Keith Haring Show Celebrates Art for Everybody

The first thing you notice about the Keith Haring exhibition that just opened at the Broad Museum in Los Angeles is how bright, how saturated, how intense the colors are. The reds and yellows and greens practically pop off the wall, and they look as fresh as if they were painted yesterday.

The second thing you notice is how by 1982, when Haring was still in his early 20s, he’s already found his iconic imagery: the colorful, cartoonish dancing human figures, the barking dogs, the flying saucers, the snakes, the penises. And they’re outlined with his signature thick black lines, confidently laid down by a painter who’s clearly in a hurry.

Keith Haring, Untitled, 1982, baked enamel on metal; © Keith Haring Foundation.
Keith Haring, Untitled, 1982, baked enamel on metal; © Keith Haring Foundation, courtesy of the Broad Art Foundation; photograph by Douglas M. Parker Studio, Los Angeles.

In Untitled of 1982 – most of Haring’s works are untitled – one of two yellow dancing dogs is zapped by some sort of cosmic radiation emitted from the flying saucer overhead. The dogs themselves are really just blocky outlines with no distinguishing features, not even eyes. One has brown spots all over, the other has red ones. The flying saucer, which resembles a sombrero or perhaps a round 1960s modernist bank branch, has no color at all. Yet the painting projects a cheerful, infectious energy that’s hard to resist. Whoopie, let’s dance!

Haring was born in 1958 in Reading, Pennsylvania, and grew up nearby, moving to New York City in 1978 to study at the School of Visual Arts. He soon became part of the downtown, often gay, art culture of the city, what might be called the Andy Warhol School of pop art, along with other acolytes such as Jean-Michel Basquiat. Haring began making the first of thousands of chalk drawings in New York subway stations and started showing his paintings in more formal gallery shows. By 1982 he was invited to participate in the prestigious Documenta 7 exhibition in Kassel, Germany, along with heavyweights like Gerhard Richter, Anselm Kiefer, and Warhol.

The Broad show, Keith Haring: Art Is for Everybody, covers Haring’s full career, from his early, exuberant works like the dancing dogs to his later, more political and message-driven ones. With more than 120 paintings, drawings, sculptures, and supporting videos, the cleanly installed, sprawling show certainly demonstrates his remarkable energy and productivity. One wall label quotes him as writing that “My contribution to the world is my ability to draw. I will draw as much as I can for as many people as I can for as long as I can.”

The exhibition’s spacious second gallery showcases fully 37 paintings, drawings, and sculptures, mainly from 1980-82, many of them quite large and hung on top of each other. On one wall (top image), the horizontal Untitled of 1982 features an appropriated Mickey Mouse, a pair of dancing figures, a radiating heart, and a pair of dice. It’s displayed next to several near-abstract paintings of colored line patterns on bright yellow or red backgrounds. Together they show the range of Haring’s visual tool kit that will stay with him throughout his career.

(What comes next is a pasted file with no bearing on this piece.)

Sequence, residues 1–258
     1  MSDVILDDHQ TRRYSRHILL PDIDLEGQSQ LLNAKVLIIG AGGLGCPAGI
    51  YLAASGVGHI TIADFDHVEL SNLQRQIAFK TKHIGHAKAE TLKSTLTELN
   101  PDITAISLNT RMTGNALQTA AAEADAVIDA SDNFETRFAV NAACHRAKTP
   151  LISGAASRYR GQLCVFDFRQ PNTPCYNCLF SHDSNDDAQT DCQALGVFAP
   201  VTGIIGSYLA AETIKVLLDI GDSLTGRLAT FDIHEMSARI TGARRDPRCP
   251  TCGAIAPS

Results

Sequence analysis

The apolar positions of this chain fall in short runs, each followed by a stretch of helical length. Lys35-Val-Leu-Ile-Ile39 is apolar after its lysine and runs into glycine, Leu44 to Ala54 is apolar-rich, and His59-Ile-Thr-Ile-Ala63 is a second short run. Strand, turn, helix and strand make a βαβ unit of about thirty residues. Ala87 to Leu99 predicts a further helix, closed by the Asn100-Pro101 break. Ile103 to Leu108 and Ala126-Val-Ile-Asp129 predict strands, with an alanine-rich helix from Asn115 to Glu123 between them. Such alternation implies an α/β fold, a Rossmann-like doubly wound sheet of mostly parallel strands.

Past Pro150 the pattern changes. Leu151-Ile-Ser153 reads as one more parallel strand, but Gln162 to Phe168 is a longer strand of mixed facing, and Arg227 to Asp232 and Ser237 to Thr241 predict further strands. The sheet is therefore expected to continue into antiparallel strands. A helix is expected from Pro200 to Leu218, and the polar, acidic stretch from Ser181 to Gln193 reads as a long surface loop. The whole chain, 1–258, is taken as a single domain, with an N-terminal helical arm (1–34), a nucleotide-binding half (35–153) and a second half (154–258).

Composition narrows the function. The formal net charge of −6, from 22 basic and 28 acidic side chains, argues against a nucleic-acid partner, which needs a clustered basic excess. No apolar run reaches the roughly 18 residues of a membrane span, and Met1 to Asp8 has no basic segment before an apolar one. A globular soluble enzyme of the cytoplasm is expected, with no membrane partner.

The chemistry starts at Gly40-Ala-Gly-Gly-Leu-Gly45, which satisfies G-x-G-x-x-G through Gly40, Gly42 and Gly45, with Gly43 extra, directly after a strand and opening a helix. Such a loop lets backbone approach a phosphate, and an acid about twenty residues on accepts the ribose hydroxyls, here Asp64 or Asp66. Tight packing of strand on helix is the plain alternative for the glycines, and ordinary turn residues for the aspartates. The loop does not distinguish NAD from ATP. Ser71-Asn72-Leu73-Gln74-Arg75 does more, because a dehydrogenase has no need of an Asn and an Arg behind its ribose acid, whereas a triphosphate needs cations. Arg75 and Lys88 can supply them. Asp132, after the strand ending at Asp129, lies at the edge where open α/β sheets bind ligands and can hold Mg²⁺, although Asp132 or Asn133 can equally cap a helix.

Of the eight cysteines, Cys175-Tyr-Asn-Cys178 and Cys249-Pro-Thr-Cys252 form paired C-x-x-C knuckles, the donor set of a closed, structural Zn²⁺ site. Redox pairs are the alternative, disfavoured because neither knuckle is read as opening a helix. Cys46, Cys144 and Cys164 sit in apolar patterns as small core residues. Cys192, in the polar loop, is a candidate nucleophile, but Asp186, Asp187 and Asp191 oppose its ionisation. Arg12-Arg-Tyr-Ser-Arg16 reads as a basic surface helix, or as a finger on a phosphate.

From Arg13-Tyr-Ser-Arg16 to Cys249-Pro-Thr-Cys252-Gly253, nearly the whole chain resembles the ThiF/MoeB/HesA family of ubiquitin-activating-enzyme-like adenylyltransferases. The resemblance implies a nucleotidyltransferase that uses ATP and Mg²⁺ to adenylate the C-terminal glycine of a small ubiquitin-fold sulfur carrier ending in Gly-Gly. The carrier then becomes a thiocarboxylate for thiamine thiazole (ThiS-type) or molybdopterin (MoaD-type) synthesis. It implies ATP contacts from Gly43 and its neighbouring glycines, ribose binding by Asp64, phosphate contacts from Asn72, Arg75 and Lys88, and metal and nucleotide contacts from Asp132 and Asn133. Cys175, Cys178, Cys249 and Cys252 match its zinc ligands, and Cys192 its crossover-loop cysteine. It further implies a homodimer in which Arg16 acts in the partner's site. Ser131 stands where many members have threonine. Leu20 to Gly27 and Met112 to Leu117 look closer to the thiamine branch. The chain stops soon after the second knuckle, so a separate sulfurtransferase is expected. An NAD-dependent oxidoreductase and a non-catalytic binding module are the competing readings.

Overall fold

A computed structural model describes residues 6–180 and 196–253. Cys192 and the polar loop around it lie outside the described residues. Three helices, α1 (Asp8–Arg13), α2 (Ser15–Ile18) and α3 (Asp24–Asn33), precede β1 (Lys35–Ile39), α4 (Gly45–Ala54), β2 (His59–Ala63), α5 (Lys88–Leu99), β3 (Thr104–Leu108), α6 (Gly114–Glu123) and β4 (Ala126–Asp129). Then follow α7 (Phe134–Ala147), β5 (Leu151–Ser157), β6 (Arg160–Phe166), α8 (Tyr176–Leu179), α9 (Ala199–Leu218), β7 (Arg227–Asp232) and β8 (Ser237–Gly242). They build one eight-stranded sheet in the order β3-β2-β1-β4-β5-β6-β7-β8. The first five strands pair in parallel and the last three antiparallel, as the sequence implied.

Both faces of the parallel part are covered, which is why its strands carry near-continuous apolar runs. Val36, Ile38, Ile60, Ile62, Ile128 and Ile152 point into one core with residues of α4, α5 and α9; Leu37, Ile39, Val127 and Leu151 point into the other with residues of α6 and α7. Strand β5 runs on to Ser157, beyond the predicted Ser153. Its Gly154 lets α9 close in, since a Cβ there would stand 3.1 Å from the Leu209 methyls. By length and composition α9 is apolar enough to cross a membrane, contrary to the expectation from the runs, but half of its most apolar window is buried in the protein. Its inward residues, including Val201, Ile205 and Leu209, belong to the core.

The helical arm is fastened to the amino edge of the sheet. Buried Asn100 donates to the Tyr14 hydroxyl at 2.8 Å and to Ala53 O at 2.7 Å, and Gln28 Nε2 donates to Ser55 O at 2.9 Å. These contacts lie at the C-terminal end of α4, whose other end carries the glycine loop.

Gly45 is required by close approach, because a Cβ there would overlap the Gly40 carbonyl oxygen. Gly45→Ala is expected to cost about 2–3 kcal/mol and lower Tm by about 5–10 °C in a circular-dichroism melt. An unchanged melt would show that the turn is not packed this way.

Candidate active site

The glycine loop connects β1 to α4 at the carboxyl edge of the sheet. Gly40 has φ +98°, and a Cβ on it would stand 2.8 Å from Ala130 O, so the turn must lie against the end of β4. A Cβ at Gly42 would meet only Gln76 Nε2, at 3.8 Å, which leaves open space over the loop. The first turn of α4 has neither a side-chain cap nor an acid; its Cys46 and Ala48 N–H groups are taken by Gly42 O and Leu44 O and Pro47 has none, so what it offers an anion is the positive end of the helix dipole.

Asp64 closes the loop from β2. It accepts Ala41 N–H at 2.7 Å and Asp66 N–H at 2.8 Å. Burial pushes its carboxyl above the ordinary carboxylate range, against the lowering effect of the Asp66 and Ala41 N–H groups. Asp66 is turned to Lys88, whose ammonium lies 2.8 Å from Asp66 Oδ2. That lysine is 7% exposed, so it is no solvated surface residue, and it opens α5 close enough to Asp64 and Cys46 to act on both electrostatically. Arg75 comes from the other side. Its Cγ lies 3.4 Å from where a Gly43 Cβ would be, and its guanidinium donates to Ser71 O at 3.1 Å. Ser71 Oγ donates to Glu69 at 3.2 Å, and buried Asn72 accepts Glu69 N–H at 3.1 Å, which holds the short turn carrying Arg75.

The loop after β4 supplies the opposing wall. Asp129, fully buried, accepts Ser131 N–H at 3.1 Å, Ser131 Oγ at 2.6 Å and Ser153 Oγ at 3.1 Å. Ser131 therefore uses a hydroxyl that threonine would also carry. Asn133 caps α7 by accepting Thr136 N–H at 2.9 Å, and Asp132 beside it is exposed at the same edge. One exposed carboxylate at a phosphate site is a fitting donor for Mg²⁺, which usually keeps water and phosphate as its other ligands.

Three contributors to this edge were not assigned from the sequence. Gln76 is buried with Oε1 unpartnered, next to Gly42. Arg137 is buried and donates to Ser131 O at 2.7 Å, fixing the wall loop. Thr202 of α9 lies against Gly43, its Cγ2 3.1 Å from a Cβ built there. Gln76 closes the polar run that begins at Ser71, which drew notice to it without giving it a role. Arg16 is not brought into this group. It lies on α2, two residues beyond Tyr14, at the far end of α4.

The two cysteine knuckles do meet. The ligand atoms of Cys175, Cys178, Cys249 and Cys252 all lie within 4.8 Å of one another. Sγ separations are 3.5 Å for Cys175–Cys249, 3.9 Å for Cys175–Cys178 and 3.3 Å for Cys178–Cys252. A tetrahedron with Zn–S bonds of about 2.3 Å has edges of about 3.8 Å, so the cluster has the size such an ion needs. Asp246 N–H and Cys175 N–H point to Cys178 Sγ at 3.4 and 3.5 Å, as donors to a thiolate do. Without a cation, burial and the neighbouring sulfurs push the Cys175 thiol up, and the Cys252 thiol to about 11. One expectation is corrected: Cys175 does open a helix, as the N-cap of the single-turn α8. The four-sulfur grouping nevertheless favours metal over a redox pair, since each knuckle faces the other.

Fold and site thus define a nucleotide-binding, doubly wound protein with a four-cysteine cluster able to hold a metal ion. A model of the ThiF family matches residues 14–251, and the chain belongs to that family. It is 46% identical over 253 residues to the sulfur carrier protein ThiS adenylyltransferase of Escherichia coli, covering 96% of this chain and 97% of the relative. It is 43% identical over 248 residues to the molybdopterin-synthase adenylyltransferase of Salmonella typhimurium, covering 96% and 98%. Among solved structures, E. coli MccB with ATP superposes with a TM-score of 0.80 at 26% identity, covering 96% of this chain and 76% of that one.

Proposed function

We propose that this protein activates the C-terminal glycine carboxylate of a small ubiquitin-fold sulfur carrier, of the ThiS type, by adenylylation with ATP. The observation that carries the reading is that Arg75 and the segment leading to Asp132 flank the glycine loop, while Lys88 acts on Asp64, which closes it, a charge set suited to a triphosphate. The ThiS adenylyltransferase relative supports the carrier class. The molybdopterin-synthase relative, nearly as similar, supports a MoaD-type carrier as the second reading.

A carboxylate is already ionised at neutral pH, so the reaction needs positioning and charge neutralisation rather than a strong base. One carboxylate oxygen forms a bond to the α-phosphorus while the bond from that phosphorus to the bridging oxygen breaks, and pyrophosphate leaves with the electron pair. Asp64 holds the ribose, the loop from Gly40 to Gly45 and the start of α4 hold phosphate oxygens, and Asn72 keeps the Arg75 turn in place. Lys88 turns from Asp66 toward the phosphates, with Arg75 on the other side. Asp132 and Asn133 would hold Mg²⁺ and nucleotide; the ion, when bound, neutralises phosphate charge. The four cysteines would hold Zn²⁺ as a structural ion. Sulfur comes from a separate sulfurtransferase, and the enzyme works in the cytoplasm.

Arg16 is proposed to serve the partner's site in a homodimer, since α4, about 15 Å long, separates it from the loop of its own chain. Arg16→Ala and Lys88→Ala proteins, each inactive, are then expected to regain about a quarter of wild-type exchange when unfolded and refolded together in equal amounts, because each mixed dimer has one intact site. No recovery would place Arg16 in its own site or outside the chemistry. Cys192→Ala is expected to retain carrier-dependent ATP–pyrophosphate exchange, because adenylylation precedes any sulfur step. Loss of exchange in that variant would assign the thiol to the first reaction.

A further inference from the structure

Keith Haring, Untitled, 1984 (snake)
Installation view, Keith Haring: Art Is for Everybody; Artwork: Untitled, 1984, acrylic on canvas, private collection, courtesy Galerie Enrico Navarro, Paris; photograph by Stephen West.

The tone of the show becomes more serious in the galleries that focus on works with political and social content. Haring campaigned through his art for gay rights, for peace, against nuclear proliferation. One enormous painting more than 23 feet wide, Untitled of 1984, depicts a red snake with blue polka dots devouring a yellow human figure on the left. In the center, an orange mushroom cloud from a nuclear explosion rises in the background. To the right, a sinister green skull-like face is eating the snake’s tail. It’s a powerful, unsettling image.

Keith Haring, Ignorance=Fear, Silence=Death, 1989, ACT UP poster, © Keith Haring Foundation.
Keith Haring, Ignorance=Fear, Silence=Death, 1989, ACT UP poster, © Keith Haring Foundation.

In the decade of the 1980s, of course, Haring’s downtown world was overshadowed more than anything by the AIDS epidemic. He responded with a range of works including posters and paintings that promoted safe sex and denounced the hostility of much of the straight world toward gays. In Ignorance=Fear, Silence=Death of 1989, three dancing figures with red X marks on their chests – targeted victims, apparently – cover their eyes, ears, or mouth as if to deny what’s happening to them. At the bottom right is the slogan FIGHT AIDS / ACT UP.

Haring was diagnosed with the fatal disease in 1988, and it claimed him as a victim in 1990.

Keith Haring: Art Is for Everybody runs through October 8 at The Broad, 221 South Grand Avenue, Los Angeles. It then travels to the Art Gallery of Ontario in Toronto, where it will be on view from November 11 to March 17, 2024, and to the Walker Art Center in Minneapolis from April 27 to September 8, 2024. An extensive catalog is published by The Broad and DelMonico Books.


Top image: Installation view, Keith Haring: Art Is for Everybody, second gallery. Artwork at bottom right: Untitled, 1982, Sumi ink and acrylic on paper mounted on canvas; private collection, courtesy the Brant Foundation, Greenwich, Connecticut; photograph by Stephen West.


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